Poetry can serve as a miraculous healer.

There is often intentional meaning sprinkled throughout a composition – the way the poem sounds when read, the visual layout on a page – making poetry an experience. Deciphering and analyzing each and every word, every space, every dash builds a cognitive fortress that other forms of literature rarely emulate.

Emily Dickinson is one of the most influential and studied poets of all time. Her life spanned from 1830 to 1886; just 10 of her 1,800 poems were published during her lifetime. 

Her work encompasses everything that poetry seeks to be – a prowess to give life to the dull, to bring vibrancy to emotions locked away behind expressionless barricades.


Dickinson’s personal life remains mostly a mystery. She lived a life of seclusion in Amherst, Massachusetts, driven by experiences of hardships and rejection during her early years.

Her parents and close friends viewed her as feeble. She was often kept home from school, catalyzing her life of isolation.

Her family and schooling forced the beliefs of Calvinism onto her. These were beliefs that Dickinson always questioned and pushed back on, consequently being the only member of her family not to experience conversion or join Amherst’s first church.

Death all around

Throughout Dickinson’s life, many close friends and family members died, often tragically.

She was deeply traumatized after her second cousin and close friend, Sophia Holland, died of typhus when Emily was just 14. This sparked a suicidal mind of curiosity and wonder around the meaning of death.

At her time at the Amherst Academy, she sparked a friendship with the young principal, Leonard Humphry. He tragically died at 25 from a stroke.

A stroke also took the life of her father, with whom she had a rocky relationship, writing after his death that “his heart was pure and terrible and I think no other like it exists.”

Perhaps the most powerful death was that of her nephew, Thomas Gilbert Dickinson, who she affectionately called “Gib.” He was just eight years old when he fell fatally ill with typhoid fever. Dickinson’s health, mental and physical, deteriorated rapidly after his death, and she died two years later.

Mental struggles

The continuous loss of loved ones and inspirations could have played a large role in the mental challenges that Dickinson faced throughout her life. While mental disorders are far from trivial, many believe that Dickinson suffered from major depression, bipolar disorder, and seasonal affective disorder.

Dickinson’s poetry and life of seclusion help confirm these suspicions. Her work frequently captures thematic elements of death, self-identity, the immortality of nature, and the pursuit of happiness.

One particular poem stands out as a masterpiece in her ability to give life to abstract emotions – one of her better-known poems and my personal favorite, “I felt a Funeral, in my Brain”:

I felt a Funeral, in my Brain,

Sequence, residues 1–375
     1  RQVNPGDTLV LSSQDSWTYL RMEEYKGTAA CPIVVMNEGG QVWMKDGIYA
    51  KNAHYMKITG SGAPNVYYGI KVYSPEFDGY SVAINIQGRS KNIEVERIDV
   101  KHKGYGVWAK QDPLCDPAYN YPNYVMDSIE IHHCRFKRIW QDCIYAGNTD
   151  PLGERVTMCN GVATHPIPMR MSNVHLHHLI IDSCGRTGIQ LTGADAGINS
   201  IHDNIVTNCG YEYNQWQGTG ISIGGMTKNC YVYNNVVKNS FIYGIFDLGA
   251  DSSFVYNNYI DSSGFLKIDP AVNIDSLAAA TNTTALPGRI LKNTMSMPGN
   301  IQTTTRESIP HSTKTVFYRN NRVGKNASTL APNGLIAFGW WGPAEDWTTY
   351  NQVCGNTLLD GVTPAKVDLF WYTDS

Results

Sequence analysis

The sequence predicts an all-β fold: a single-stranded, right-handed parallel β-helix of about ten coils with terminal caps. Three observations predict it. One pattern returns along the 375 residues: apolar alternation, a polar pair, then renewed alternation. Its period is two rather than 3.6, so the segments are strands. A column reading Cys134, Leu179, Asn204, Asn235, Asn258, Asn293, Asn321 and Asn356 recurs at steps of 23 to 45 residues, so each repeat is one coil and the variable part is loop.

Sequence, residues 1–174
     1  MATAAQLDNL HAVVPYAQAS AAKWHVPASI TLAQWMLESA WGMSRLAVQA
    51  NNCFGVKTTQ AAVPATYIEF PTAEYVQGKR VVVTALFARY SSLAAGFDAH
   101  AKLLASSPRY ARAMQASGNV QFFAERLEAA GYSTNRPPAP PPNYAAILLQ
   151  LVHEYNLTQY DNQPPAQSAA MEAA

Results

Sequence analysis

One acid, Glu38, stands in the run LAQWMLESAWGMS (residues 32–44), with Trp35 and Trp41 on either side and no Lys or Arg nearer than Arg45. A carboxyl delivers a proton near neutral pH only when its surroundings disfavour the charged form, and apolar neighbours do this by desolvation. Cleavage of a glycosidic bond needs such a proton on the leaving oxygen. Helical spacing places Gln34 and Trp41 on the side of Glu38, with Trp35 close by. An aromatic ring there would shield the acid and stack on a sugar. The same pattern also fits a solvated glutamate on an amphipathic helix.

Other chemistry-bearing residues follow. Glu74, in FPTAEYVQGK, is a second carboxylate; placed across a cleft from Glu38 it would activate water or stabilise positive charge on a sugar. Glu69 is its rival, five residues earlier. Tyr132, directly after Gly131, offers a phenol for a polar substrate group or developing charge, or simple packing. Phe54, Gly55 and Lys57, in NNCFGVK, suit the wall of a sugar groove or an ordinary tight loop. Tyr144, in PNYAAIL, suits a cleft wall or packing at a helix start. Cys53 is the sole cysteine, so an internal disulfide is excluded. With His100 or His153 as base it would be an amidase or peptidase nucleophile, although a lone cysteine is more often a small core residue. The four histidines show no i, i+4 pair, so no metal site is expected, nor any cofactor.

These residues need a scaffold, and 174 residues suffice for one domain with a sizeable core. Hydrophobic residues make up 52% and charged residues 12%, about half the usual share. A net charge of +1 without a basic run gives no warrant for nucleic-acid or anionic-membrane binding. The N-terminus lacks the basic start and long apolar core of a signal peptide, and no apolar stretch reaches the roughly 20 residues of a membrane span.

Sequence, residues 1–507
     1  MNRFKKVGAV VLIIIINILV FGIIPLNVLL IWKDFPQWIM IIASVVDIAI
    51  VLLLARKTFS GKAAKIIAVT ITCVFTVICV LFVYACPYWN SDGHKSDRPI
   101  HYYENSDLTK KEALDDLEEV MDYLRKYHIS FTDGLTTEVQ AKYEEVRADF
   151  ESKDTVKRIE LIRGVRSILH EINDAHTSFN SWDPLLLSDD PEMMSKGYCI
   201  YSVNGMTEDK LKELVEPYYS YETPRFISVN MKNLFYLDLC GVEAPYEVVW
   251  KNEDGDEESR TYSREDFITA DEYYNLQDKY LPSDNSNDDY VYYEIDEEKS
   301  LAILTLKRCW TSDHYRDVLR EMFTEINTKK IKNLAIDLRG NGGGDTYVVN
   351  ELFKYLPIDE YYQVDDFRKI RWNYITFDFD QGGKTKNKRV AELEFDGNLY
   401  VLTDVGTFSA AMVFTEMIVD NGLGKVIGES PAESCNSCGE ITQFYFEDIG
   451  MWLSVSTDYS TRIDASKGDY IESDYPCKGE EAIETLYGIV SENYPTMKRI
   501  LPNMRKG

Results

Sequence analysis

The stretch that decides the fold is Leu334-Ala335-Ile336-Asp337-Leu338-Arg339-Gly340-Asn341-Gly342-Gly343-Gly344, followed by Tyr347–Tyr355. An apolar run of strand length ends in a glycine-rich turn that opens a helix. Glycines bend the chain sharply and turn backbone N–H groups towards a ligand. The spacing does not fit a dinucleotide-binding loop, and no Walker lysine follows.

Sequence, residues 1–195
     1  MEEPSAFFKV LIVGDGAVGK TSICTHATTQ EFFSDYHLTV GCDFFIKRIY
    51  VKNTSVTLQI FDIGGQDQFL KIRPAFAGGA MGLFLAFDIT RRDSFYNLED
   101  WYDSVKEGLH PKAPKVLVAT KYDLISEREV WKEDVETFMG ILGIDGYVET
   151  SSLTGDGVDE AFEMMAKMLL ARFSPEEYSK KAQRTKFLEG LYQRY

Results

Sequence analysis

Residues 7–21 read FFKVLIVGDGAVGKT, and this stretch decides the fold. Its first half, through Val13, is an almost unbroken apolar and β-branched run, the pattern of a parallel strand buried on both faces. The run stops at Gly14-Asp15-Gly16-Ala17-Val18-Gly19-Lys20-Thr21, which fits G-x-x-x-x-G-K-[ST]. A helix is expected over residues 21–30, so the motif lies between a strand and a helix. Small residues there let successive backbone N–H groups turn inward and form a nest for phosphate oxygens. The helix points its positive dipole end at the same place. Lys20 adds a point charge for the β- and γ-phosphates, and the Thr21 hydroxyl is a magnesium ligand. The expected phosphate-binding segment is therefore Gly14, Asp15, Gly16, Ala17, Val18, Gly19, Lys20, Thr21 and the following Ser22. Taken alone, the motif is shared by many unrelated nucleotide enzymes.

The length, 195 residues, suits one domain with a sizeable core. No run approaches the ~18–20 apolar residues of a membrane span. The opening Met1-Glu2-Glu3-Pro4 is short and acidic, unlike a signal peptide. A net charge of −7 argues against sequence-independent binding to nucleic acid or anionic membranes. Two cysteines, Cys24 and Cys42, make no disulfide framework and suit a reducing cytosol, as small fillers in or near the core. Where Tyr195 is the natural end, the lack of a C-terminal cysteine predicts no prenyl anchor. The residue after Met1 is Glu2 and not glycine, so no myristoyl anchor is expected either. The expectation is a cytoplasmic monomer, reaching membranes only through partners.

And Mourners to and fro

Kept treading – treading – till it seemed

That Sense was breaking through –

And when they all were seated,

A Service, like a Drum –

Kept beating – beating – till I thought

My mind was going numb –

And then I heard them lift a Box

And creak across my Soul

With those same Boots of Lead, again,

Then Space – began to toll,

As all the Heavens were a Bell,

And Being, but an Ear,

And I, and Silence, some strange Race,

Wrecked, solitary, here –

And then a Plank in Reason, broke,

And I dropped down, and down –

And hit a World, at every plunge,

And Finished knowing – then –

The speaker is in a free fall of depression and misery, with Dickinson using “mourners” to reflect the everlasting intrusive thoughts running laps in her head, in heavy lead boots ready to burst through the floorboards of her mental capacity.

The weight of sorrow is growing too heavy to handle, like a “drum” that crescendos into unbearable deafness – “numb,” as Dickinson puts it. The ceremonial “bell” rings, giving being and life to those who surround her – yet she is in silence, the bell anechoic to her dissociated life, her alien soul.

As the “plank in reason” finally breaks, the speaker’s mind has numbed itself free of thoughts; the calamity of cerebral battle absolute – the capacity to know, final.

“then – “

Then what? She is utterly broken. An implosion of thoughts leads to a cacophony of noise, leads to a numbing of the brain, leads to death of psyche leads to…

The next state is oblivion – nothing more than an empty canvas with every paintbrush burnt in the fires of depression.


Dickinson is able to animate feelings of depression and hopelessness. These emotions are extremely intricate and differ for everyone experiencing them. The feeling is experienced so clearly, but the ability to express such feelings can be impossible.

Dickinson’s terrific use of symbolism and imagery produces a film for her readers to see – a portal into the mind of the speaker’s, and her own, mental turmoil. She provides tangible understandings of murky emotions.

Dickinson also had her fair share of beautifully uplifting poems, such as “We grow accustomed to the Dark,” “Two Butterflies went out at Noon,” and “We never know how high we are.” These are just a few favorites of mine that touch on the strength of humans, hope, and the journeys that life and nature bring, among other themes.

While a lot of Dickinson’s poetry is descriptively dark and captures heavy and complex emotions, her writing also touches on joyful elements of the human experience. Her ability to use symbols and tell stories that illuminate such a wide range of metaphysical emotions shows how magnificent of a writer she is and why she is one of the most celebrated poets in history.

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